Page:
The recent spate of Republicans announcing their retirement from Congress has rekindled anxieties about the party's ability to maintain its majorities in both houses of Congress, especially the House.
The decisions of three moderate Republicans the past week to not seek re-election — Reps. Charlie Dent (Penn.), Dave Trott (Michigan), Dave Reichert (Washington) — brings the number of House Republicans to seven who have decided to retire this year.
With another nine running for higher office, the speculation mounts whether Republicans can keep their hold on the House, especially during the turbulent political times of President Donald Trump.
"It makes holding the majority that much tougher because those are tough seats. And those are very good candidates," Rep. Tom Cole, R-Oklahoma, and former chairman of the National Republican Congressional Committee told The Hill.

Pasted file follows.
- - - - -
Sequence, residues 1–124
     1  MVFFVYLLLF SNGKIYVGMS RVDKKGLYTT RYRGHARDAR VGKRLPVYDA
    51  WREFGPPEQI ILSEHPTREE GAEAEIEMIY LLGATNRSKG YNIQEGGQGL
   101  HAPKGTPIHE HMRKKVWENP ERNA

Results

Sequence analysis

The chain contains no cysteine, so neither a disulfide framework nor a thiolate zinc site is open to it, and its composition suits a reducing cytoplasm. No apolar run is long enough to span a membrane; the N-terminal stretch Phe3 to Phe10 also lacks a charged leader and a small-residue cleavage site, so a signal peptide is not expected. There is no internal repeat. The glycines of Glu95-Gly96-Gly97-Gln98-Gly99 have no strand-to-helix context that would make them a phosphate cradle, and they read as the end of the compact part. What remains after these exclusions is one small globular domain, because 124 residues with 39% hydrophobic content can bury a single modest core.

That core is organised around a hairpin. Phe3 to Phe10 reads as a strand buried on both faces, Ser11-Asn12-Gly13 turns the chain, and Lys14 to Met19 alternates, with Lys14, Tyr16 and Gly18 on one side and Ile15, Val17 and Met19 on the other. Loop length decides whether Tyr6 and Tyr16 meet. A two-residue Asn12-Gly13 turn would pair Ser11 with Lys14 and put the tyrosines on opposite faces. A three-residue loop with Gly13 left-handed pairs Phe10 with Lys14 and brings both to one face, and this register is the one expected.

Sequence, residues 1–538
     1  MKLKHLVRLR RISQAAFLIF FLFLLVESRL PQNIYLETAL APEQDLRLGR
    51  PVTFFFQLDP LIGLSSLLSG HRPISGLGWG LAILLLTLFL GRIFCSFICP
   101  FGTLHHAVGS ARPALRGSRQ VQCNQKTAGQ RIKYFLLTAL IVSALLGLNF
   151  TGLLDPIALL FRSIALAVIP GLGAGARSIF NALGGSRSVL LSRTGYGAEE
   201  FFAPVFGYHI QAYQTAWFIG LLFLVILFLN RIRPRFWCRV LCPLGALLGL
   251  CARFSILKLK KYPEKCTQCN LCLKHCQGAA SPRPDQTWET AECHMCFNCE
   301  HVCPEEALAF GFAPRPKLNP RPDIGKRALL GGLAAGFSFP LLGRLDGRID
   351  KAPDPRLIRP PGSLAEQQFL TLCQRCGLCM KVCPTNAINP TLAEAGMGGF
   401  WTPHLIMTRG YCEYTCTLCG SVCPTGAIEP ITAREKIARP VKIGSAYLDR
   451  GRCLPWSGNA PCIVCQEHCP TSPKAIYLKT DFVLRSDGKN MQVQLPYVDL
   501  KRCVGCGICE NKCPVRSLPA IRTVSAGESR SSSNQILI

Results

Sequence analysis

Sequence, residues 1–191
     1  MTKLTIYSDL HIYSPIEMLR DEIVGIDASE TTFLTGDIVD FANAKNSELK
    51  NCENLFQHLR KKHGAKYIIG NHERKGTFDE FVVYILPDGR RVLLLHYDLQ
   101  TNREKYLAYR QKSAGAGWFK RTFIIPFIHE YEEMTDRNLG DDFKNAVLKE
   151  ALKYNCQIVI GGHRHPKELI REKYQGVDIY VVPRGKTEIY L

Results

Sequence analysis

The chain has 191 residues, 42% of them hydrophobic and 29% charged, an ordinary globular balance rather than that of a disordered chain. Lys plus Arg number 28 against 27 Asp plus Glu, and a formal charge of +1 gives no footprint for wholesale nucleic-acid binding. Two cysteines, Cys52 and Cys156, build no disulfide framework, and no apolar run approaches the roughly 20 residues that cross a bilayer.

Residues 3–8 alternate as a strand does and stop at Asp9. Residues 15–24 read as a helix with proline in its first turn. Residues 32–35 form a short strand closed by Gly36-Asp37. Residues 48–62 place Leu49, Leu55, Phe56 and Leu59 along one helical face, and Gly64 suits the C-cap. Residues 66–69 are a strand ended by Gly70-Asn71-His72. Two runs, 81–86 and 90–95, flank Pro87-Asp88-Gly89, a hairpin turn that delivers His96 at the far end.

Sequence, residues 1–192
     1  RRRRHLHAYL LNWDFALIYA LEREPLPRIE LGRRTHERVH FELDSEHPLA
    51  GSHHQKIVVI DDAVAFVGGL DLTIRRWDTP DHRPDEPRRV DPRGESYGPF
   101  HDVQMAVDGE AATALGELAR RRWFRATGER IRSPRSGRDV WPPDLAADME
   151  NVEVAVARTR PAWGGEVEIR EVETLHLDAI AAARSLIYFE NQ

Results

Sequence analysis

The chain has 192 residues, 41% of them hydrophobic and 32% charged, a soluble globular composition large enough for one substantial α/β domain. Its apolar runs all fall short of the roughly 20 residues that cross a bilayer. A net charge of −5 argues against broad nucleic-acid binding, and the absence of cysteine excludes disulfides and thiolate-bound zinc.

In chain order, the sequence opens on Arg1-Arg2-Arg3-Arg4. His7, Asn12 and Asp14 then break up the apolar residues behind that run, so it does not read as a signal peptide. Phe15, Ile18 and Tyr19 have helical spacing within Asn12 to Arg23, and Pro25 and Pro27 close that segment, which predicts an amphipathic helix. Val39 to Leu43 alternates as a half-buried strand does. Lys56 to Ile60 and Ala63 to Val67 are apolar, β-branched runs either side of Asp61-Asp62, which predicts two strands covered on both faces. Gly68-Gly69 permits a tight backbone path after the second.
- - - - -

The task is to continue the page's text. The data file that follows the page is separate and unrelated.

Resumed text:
And the perceived opportunity has Democrats excited.
"Republicans having to defend seats that they’ve never had to defend before," Rep. Ben Ray Lujan, chairman of the Democratic Congressional Campaign Committee, told RealClearPolitics. "That does not bode well for [NRCC Chairman] Steve Stiver. He already had a tough map to defend. Now he has three more very expensive districts to try to defend, when we have an advantage in those districts."
Adding to the anxieties of Republicans is that this rash of retirements could portend even more.
"These open seats can be very vulnerable and difficult to hold," Geoffrey Skelley, a political analyst at the University of Virginia, told The Hill. "If this is the tip of the iceberg for retirements, that will be very bad for the GOP."
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